The substrate in the bed isn’t essential, but it should be free-draining and packed with organic matter. I recommend a combination of deciduous woodchip, vermiculite, and compost.
Once the bed is seeded, keep it moist and free of weeds and (if possible) competing fungi. Cover the bed with a dark, breathable membrane to reduce the risk of competing plants and fungi growing in the area.
The bed should then be left undisturbed for two or three months, then remove the membrane. Mushrooms should begin to sprout when the temperature drops and conditions are suitable for fruiting. The bed will continue to fruit until the first frosts put the colony into a dormant state.
The mushroom bed should continue to fruit every year. Topping the bed with organic matter every year will ensure there are nutrients for the fungi to consume.
How to Prepare & Store Panaeolus cinctulus Mushrooms
Panaeolus cinctulus is a small species that doesn’t last particularly well when stored fresh. When stored in an open container or paper bag in the refrigerator, the mushrooms will stay fresh for two to three days before they turn bad.
To store them long-term, dehydrate them either by air-drying them or using a food dehydrator.
Due to their small size, Panaeolus cinctulus mushrooms can be placed on a sheet of greaseproof paper and left in a well-ventilated area. Turn them regularly to ensure even drying. The mushrooms should be completely dry after 24 to 48 hours.
You’ll know they’re dry enough to store when the stems and caps audibly “crack” when snapped or crushed. If they bend or feel squishy, leave them to dry further.
Using a food dehydrator is a much faster way to dry these mushrooms. Spread them evenly on the trays (without touching each other) and leave them at the lowest temperature for several hours until the mushrooms are cracker-dry.
Store the dry mushrooms in air-tight glass mason jars with a pack or two of a food-safe desiccant such as silica gel. This will ensure that any moisture remaining is absorbed.
Mushrooms dried and stored in this manner will last over a year before they begin to lose potency.
Ways to Take Panaeolus cinctulus
Due to how weak Panaeolus cinctulus mushrooms are, eating them whole is an inefficient means of consumption. It takes 5-7 grams of them to induce psychedelic effects — that’s quite a meal of some pretty foul-tasting mushrooms.
Whether you plan on consuming these mushrooms as microdoses or wish to achieve a psychedelic experience, there are far better ways to take P. cinctulus shrooms.
Here are a few consumption methods that are more effective than eating Panaeolus cinctulus mushrooms whole:
1. Making Magic Mushroom Capsules
Capsules make taking magic mushrooms tasteless, convenient, and discrete. They’re a great way to consume microdoses and easy to make.
All you need are some empty pill capsules and dried shrooms. Grind the mushrooms into a powder using a coffee grinder or food blender, split it into doses using a weighing scale, and stuff the powder into the empty pill capsules.
2. Making Magic Mushroom Tea
Magic mushroom tea is a good way to consume a psychedelic dose of Panaeolus cinctulus mushrooms. Tea eliminates the need to consume the organic part of the mushrooms — meaning you can take the active tryptamines without eating the actual mushrooms. This makes it easier on the taste buds and the digestive system while improving the onset time of the psilocybin.
Making tea is simple. Combine a dose of Panaeolus cinctulus with hot water in a thermal flask and leave it for 30 minutes to an hour. Then, strain the liquid and discard the organic matter.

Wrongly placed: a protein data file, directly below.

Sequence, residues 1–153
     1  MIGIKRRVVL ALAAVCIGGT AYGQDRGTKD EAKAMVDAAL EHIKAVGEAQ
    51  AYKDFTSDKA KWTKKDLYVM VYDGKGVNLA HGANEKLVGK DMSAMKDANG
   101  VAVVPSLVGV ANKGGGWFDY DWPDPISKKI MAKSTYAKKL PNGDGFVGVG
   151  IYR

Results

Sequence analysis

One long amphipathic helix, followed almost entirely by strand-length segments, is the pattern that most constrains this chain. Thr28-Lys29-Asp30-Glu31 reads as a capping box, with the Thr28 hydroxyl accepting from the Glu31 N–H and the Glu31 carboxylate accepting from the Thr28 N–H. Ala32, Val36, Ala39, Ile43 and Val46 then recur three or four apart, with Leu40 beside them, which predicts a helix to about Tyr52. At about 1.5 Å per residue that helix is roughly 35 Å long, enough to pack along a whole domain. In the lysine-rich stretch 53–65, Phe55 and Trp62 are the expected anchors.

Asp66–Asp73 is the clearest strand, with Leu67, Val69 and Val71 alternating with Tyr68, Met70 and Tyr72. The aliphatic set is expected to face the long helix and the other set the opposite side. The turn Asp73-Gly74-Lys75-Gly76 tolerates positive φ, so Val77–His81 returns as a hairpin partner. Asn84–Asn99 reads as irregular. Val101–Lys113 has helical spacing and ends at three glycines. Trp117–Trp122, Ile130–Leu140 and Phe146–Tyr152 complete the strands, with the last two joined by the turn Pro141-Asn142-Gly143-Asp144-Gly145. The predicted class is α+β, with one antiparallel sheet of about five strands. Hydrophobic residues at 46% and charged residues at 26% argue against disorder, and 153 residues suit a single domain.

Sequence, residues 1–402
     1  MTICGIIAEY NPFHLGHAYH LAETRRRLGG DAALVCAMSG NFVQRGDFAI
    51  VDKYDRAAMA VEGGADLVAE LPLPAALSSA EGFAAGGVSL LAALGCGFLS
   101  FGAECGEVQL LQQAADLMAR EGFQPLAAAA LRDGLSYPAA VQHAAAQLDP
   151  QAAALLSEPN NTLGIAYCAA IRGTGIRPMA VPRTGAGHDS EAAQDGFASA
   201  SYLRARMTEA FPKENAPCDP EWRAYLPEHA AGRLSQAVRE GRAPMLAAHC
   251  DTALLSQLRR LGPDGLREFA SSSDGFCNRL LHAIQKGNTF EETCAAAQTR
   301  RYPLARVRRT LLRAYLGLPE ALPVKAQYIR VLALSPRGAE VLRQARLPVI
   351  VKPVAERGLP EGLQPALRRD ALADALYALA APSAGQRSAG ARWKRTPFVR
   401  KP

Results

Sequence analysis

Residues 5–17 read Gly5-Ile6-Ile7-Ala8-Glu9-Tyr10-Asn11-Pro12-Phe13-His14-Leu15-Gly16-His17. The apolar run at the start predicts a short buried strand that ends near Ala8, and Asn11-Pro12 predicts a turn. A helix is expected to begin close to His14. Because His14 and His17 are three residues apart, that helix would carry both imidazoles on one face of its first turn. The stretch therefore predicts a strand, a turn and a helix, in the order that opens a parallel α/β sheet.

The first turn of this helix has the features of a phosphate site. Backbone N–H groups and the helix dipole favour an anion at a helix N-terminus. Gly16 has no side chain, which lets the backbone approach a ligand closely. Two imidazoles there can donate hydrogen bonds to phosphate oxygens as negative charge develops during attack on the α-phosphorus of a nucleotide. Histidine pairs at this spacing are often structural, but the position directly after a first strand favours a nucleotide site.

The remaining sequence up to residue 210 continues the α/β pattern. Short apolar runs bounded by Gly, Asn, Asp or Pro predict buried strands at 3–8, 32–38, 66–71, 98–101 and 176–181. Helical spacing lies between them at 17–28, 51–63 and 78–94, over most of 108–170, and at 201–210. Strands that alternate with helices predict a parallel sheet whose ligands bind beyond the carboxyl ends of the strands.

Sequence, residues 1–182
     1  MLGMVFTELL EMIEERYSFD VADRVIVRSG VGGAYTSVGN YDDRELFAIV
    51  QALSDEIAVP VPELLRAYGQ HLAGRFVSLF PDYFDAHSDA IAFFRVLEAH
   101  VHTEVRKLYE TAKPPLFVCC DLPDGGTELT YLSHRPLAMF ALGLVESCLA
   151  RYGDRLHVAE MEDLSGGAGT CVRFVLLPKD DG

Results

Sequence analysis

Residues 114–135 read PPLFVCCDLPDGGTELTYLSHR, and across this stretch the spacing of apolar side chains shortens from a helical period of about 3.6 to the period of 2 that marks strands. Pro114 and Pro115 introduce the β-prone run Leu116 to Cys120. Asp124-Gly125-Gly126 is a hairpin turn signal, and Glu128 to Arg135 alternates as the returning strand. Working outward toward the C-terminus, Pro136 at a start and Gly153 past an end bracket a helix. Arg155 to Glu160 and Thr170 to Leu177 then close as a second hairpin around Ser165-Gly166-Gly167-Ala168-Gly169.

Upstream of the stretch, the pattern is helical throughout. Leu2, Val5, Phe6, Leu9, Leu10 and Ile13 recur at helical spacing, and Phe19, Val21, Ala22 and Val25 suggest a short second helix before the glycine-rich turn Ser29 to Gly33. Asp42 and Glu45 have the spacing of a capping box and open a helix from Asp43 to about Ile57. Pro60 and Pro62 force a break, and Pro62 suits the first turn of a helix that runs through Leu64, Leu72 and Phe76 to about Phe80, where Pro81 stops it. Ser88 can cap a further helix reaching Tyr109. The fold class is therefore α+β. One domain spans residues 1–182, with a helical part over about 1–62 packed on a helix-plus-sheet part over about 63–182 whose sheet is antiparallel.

The liquid will contain the dose of tryptamines that was in the mushrooms.
Learn how to make magic mushroom tea: How to Make Shroom Tea: Step-by-Step Guide
3. Making Psilocybin Gummies
Magic mushroom gummies eliminate the taste of magic mushrooms and can pack a punch in potency. With a low-potency species such as Panaeolus cinctulus, gummies allow you to concentrate the active psychedelic alkaloids, so it takes less organic matter to feel the effects.
Magic mushroom gummies can be purchased online, but the quality and tryptamine levels can be difficult to determine. Shroom gummies are easier than you may think to make at home. With a few pieces of basic equipment and some simple ingredients, it’s possible to make potent gummies from Panaeolus cinctulus — or any other magic mushroom species.
Are Panaeolus cinctulus Mushrooms Legal?
Although Panaeolus cinctulus mushrooms grow wild in several countries, they are illegal to collect, consume, and cultivate in most of them. The active psychedelic alkaloid present in these mushrooms is psilocybin, which is a controlled substance in most countries.
Possessing Panaeolus cinctulus or any other psilocybin-producing mushroom species in most Western countries can land you with hefty penalties — large fines, a criminal record, and, in some cases, prison time. That said, there are some exceptions to this.
Some countries within Europe, certain states in the United States, and areas throughout Canada have legalized or decriminalized psilocybin for certain applications or sit in a “legal gray area.”
Let’s find out more about the legality of these shrooms in a few different regions:
In Canada, psilocybin remains illegal. Therefore, the sale, possession, and consumption of Panaeolus cinctulus and other psilocybin-containing mushroom species are prohibited. Obtaining an exemption from Health Canada is possible if you have a “serious or life-threatening condition” that may be treatable with psilocybin. However, it doesn’t give many exemptions.
That said, Canada sits in a sort of legal gray area similar to how cannabis was before its legalization in 2018. Although psilocybin and other psychedelic substances are illegal, the laws aren’t usually enforced.
As with illegal cannabis dispensaries before 2018, Canada is home to several “magic mushroom shops” that openly sell shrooms and other psychedelic substances, making it easy to buy and consume psilocybin.
So, although magic mushrooms are technically illegal in Canada, their sale and use are tolerated by the government. Magic mushroom shops are rarely raided, and mushroom users are at little risk of facing legal repercussions — though there is still a risk. We expect Canada to move in a similar direction with psilocybin and other psychedelics as they did with cannabis back in 2018.